Houston SpongeBob SquarePants restaurant operators owe $6 million to Paramount

Owners of “The Rusty Krab” were accused of improperly using names and images from the popular cartoon.

Paramount Global

The owners of a defunct Houston SpongeBob SquarePants pop-up restaurant owe media giant Paramount $6 million in damages, a judge ruled.

Paramount said The Rusty Krab illegally used the popular cartoon series' name, characters and images.

ViacomCBS, now known as Paramount Global, filed an intellectual property suit against Pixi Universal, which operated the now-closed restaurant. The Rusty Krab was inspired by the television show and the establishment where SpongeBob SquarePants works, The Krusty Krab.

Viacom's original complaint in 2021 noted that the restaurant featured illustrations from the show and people dressed up as its characters in the restaurant, which it claimed was an intentional attempt to capitalize on SpongeBob's success. SpongeBob SquarePants, which debuted in 1999, is the media company's most widely distributed property.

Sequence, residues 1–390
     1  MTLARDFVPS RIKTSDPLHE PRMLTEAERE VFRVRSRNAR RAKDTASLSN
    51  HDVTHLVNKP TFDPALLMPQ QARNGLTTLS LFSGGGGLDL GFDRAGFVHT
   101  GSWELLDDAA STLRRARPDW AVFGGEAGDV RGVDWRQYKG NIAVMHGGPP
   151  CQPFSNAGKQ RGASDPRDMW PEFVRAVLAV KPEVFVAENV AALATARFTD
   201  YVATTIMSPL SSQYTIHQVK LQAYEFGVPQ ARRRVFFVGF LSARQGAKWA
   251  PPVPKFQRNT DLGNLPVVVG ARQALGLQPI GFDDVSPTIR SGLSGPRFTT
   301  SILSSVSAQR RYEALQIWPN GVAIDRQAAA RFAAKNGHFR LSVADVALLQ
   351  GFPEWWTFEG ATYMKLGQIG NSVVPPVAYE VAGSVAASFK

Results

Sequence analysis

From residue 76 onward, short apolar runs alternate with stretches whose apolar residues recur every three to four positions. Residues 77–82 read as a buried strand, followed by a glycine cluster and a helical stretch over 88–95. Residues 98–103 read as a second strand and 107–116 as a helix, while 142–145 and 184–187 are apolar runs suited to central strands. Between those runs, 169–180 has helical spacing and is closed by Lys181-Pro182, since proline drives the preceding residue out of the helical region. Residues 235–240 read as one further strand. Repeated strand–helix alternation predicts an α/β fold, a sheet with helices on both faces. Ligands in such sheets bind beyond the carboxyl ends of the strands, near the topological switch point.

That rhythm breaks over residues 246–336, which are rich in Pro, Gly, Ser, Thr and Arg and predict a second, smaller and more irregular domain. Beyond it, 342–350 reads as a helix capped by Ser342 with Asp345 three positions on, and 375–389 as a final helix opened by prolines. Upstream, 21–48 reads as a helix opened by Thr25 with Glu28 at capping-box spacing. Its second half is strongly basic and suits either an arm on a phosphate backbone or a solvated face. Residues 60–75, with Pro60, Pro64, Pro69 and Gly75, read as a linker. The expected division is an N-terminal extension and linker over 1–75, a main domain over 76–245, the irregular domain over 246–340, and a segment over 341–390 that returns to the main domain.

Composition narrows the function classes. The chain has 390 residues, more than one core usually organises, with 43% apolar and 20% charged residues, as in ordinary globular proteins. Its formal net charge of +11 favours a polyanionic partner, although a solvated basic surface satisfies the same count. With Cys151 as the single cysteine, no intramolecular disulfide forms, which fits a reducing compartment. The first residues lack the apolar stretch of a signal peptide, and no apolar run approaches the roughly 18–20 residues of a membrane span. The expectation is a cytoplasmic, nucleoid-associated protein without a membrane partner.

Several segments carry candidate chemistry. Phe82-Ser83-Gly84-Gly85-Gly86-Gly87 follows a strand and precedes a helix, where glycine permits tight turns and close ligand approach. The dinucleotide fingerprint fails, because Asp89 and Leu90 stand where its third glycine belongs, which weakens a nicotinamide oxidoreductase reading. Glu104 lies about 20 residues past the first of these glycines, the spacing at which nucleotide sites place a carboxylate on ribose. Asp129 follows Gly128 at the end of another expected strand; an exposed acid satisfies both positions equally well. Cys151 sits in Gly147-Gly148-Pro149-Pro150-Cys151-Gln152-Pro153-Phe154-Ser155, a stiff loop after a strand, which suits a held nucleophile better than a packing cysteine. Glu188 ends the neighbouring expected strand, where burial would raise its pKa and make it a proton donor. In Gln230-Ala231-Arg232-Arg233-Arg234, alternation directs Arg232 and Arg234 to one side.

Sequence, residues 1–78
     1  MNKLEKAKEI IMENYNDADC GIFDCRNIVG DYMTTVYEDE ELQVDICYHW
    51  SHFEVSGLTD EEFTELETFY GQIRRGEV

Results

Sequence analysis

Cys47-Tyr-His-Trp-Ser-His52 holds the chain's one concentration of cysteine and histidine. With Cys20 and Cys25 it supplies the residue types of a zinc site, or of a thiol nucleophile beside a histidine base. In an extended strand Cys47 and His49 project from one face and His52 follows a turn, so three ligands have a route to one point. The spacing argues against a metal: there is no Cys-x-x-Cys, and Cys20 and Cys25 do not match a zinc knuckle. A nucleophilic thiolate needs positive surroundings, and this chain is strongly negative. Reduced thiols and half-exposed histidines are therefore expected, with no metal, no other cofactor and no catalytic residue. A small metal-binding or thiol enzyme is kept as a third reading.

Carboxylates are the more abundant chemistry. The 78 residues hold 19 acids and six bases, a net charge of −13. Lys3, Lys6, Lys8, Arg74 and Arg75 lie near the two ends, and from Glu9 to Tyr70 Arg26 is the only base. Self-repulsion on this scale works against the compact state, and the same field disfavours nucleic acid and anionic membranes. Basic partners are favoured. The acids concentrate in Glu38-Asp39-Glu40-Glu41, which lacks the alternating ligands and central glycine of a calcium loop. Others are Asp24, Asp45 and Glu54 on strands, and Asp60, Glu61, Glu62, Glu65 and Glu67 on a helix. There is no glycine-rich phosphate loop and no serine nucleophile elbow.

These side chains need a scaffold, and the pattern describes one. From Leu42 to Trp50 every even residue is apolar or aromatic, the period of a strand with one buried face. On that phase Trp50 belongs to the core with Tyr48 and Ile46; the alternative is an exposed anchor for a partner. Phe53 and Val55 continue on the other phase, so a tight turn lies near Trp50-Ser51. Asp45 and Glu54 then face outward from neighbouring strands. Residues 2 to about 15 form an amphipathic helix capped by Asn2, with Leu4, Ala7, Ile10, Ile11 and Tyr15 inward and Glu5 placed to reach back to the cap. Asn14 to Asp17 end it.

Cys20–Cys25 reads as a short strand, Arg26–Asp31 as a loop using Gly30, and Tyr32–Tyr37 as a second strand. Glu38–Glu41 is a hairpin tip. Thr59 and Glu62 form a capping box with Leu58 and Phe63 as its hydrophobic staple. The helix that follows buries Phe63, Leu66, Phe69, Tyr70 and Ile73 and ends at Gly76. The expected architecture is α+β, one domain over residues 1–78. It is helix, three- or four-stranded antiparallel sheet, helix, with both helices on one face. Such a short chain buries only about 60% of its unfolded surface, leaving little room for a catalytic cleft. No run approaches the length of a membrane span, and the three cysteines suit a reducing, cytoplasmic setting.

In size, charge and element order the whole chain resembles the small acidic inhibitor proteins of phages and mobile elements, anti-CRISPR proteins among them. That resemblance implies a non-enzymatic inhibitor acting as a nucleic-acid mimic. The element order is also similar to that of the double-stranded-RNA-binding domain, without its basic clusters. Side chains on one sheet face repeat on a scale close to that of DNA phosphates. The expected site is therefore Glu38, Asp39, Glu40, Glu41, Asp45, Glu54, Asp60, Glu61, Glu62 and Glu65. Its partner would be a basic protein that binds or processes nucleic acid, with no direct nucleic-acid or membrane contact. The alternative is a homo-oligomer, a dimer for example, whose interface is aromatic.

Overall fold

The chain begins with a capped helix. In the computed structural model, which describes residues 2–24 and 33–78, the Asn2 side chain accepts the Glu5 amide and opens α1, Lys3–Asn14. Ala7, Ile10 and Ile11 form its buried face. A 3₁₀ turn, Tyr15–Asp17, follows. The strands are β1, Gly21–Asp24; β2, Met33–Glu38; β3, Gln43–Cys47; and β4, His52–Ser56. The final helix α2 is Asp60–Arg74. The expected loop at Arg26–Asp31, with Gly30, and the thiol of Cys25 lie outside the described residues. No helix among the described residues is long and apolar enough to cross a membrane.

At the time, Pixi stated that The Rusty Krab was a "parody restaurant" and claimed they had no connection with the SpongeBob brand.

"Ever since Pop-Ups by PIXI started, we have clearly stated that we have no affiliation with the brands we are parodying," said Sanju Chand, Pixi Universal.

A judge ultimately wound up disagreeing with Pixi's claims.

Law 360 was the first to report that U.S District Judge Ewing Werlein Jr. ordered the payment of $6 million in copyright damages to Paramount, as well as the transfer of The Rusty Krab's domain names and to the company. The June 8 ruling also prohibits new parodies or "confusingly similar variation" of any other Viacom shows or characters. Chand is not personally liable for the amount, the judge said.

Pixi Universal is not expected to appeal the ruling.